Advertisement

Review of Economics of the Household

, Volume 7, Issue 1, pp 1–30 | Cite as

Decision-making by children

  • Shelly LundbergEmail author
  • Jennifer L. Romich
  • Kwok Ping Tsang
Article

Abstract

In this paper, we examine the determinants of decision-making power by children and young adolescents. Moving beyond previous economic models that treat children as goods consumed by adults, we develop a noncooperative model of parental control of child behavior and child resistance. Using child reports of decision-making and psychological and cognitive measures from the NLSY79 Child Supplement, we examine the determinants of shared and sole decision-making based on indices created from seven domains of child activity. We find that the determinants of sole decision-making by the child and shared decision-making with parents are quite distinct: sharing decisions appears to be a form of parental investment in child development rather than a simple stage in the transfer of authority. In addition, we find that indicators of child capabilities and preferences affect reports of decision-making authority in ways that suggest child demand for autonomy as well as parental discretion in determining these outcomes.

Keywords

Children Parents Investment Decisions 

Notes

Acknowledgements

We gratefully acknowledge comments from participants in the AEA session “Bargaining in Families” at the 2005 ASSA meetings in Philadelphia, PA and from seminar participants at Cornell University, UCLA, University of Washington, Washington University in St. Louis, the Institute for Social and Economic Research at the University of Essex, the University of Warwick, and the editor and referees of this journal. Financial support was provided by NICHD (R01 HD45635-2—“Child agency in resource allocation,” Romich, Principal Investigator) and by Lundberg’s Castor Professorship. Thanks to Xiang Gao, Lisa Keating, and Cori Mar for invaluable assistance.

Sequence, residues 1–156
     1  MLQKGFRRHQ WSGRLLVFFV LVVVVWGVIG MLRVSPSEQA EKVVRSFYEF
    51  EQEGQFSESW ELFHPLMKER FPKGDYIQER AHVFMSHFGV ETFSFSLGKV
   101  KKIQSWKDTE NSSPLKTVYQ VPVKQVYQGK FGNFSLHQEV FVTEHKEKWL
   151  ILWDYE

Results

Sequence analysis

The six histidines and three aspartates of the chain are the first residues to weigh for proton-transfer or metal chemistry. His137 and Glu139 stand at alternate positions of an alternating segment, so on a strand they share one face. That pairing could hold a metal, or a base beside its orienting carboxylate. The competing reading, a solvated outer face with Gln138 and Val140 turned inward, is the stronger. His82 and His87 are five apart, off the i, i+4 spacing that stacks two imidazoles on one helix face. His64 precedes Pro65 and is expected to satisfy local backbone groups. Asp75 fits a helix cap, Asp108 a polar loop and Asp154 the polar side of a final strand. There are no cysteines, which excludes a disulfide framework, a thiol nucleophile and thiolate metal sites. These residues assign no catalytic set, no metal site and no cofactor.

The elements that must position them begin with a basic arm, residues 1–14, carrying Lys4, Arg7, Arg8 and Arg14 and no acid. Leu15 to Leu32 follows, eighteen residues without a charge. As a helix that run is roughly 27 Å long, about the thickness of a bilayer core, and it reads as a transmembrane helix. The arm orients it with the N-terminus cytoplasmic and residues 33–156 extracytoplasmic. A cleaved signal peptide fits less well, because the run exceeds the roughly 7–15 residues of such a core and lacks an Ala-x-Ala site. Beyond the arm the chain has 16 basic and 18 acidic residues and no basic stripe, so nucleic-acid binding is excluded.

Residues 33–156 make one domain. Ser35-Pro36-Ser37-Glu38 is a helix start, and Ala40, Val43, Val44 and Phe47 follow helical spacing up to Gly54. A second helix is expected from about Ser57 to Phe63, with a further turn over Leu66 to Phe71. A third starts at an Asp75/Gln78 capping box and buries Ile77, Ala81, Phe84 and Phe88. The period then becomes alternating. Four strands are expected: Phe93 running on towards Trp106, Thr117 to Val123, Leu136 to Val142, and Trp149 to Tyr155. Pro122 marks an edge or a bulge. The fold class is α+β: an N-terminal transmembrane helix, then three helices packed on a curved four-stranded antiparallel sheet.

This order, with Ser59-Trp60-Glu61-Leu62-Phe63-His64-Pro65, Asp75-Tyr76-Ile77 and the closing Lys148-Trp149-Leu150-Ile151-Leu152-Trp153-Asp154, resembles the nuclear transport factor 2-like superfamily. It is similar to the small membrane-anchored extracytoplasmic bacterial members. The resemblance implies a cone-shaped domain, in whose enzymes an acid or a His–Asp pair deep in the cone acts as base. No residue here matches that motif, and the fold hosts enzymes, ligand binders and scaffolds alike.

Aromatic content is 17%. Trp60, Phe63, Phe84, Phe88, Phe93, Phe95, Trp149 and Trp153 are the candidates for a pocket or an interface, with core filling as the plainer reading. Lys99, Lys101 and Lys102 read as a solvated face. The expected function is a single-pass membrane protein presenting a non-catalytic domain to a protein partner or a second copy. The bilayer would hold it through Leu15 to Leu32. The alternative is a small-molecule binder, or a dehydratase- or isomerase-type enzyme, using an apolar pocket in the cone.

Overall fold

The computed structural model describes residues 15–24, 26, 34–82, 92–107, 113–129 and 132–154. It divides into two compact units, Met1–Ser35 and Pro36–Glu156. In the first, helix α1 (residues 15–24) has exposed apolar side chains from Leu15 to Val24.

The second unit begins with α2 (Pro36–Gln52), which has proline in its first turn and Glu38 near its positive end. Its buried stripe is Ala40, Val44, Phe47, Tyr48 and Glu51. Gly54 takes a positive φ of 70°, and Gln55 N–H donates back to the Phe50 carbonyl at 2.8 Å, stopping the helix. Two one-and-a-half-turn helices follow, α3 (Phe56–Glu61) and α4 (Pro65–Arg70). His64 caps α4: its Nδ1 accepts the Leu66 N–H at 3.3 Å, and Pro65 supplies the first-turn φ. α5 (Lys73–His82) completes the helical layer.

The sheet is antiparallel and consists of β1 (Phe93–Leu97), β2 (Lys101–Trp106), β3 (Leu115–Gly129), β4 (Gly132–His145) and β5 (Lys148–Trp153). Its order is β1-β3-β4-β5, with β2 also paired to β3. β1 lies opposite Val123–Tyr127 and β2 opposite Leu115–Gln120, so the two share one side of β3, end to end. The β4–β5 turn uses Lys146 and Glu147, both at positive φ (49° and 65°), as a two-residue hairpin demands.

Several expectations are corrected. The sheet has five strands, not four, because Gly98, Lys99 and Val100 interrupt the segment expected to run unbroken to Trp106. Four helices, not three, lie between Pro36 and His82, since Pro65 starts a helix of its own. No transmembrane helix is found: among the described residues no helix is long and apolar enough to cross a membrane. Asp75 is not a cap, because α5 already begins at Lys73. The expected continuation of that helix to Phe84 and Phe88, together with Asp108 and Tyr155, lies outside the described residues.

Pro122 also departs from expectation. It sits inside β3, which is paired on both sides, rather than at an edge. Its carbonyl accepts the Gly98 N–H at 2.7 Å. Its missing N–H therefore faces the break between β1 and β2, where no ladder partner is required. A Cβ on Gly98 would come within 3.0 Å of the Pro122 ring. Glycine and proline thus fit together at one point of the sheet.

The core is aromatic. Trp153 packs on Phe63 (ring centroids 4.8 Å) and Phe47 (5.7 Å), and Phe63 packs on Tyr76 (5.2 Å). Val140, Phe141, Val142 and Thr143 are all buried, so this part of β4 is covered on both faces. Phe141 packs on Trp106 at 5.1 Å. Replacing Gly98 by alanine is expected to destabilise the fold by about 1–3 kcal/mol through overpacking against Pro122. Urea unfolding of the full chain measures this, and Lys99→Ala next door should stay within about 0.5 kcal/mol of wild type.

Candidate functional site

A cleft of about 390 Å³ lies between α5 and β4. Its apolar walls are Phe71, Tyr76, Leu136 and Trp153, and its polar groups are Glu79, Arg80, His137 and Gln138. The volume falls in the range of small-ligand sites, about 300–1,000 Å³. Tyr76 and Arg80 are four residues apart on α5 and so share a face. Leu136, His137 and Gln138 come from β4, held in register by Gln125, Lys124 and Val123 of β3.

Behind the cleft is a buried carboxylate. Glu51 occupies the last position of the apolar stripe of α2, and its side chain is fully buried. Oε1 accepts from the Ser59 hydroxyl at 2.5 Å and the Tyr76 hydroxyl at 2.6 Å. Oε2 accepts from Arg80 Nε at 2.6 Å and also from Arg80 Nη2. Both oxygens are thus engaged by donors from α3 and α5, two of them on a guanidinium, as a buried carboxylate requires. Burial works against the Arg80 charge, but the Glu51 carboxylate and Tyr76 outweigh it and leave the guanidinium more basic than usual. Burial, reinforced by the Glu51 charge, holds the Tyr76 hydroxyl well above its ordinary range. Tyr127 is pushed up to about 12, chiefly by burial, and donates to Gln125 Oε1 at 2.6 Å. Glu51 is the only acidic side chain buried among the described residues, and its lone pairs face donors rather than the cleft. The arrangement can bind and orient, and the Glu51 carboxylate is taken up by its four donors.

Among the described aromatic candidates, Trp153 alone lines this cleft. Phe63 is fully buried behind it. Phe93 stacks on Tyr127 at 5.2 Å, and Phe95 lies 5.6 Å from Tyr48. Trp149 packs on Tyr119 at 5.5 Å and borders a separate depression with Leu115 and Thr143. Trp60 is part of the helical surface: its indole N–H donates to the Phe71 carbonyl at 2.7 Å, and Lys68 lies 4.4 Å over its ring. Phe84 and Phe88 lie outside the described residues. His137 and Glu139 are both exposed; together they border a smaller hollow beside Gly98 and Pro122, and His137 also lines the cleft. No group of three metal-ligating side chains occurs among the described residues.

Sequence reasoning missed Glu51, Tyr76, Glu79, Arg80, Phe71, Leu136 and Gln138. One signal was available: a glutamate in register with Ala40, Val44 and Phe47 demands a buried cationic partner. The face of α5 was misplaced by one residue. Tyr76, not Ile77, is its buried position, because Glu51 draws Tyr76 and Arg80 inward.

References

  1. Becker, G. S. (1974). A theory of social interactions. The Journal of Political Economy, 82(6), 1063–1094. doi: 10.1086/260265.CrossRefGoogle Scholar
  2. Becker, G. S. (1991). Treatise on the family. Cambridge: Harvard University Press.Google Scholar
  3. Bergstrom, T. C. (1989). A fresh look at the rotten kid theorem—and other household mysteries. The Journal of Political Economy, 97(5), 1138–1159. doi: 10.1086/261646.CrossRefGoogle Scholar
  4. Browning, M., Bourguignon, F., Chiappori, P.-A., & Lechene, V. (1994). Income and outcomes: A structural model of intrahousehold allocation. The Journal of Political Economy, 102(6), 1067–1096. doi: 10.1086/261964.CrossRefGoogle Scholar
  5. Bruce, N., & Waldman, M. (1990). The rotten-kid theorem meets the Samaritan’s dilemma. The Quarterly Journal of Economics, 105(1), 155–165. doi: 10.2307/2937823.CrossRefGoogle Scholar
  6. Bulcroft, R. A., Carmody, D. C., & Bulcroft, K. A. (1996). Patterns of parental independence giving to adolescents: Variations by race, age, and gender of child. Journal of Marriage and the Family, 58(4), 866–883. doi: 10.2307/353976.CrossRefGoogle Scholar
  7. Bumpus, M. F., Crouter, A. C., & McHale, S. M. (2001). Parental autonomy granting during adolescence. Developmental Psychology, 37(2), 163–173. doi: 10.1037/0012-1649.37.2.163.CrossRefGoogle Scholar
  8. Burton, P., Phipps, S., & Curtis, L. (2002). All in the family: A simultaneous model of parenting style and child conduct. The American Economic Review, 92(2), 368–372. doi: 10.1257/000282802320191633.CrossRefGoogle Scholar
  9. Buss, A. H., & Plomin, R. (1975). A temperament theory of personality development. Wiley: New York.Google Scholar
  10. Center for Human Resource Research. (2000). 1998 Child and young adult data NLSY users guide. Columbus: Ohio State University.Google Scholar
  11. Chamberlain, G. (1980). Analysis of covariance with qualitative data. The Review of Economic Studies, 47, 225–238. doi: 10.2307/2297110.CrossRefGoogle Scholar
  12. Chase-Lansdale, P. L., Mott, F. L., Jeanne, B.-G., & Deborah, A. P. (1991). Children of the National Longitudinal Survey of Youth: A unique research opportunity. Developmental Psychology, 27(6), 918–931. doi: 10.1037/0012-1649.27.6.918.CrossRefGoogle Scholar
  13. Das, M., & van Soest, A. (1999). A panel data model for subjective information on household income growth. Journal of Economic Behavior & Organization, 40, 409–426. doi: 10.1016/S0167-2681(99)00062-1.CrossRefGoogle Scholar
  14. Dornbusch, M. S., Ritter, P. L., Liederman, P. H., Roberts, D. F., & Fraleigh, M. J. (1987). The relation of parenting style to adolescent school performance. Child Development, 58, 1244–1257.CrossRefGoogle Scholar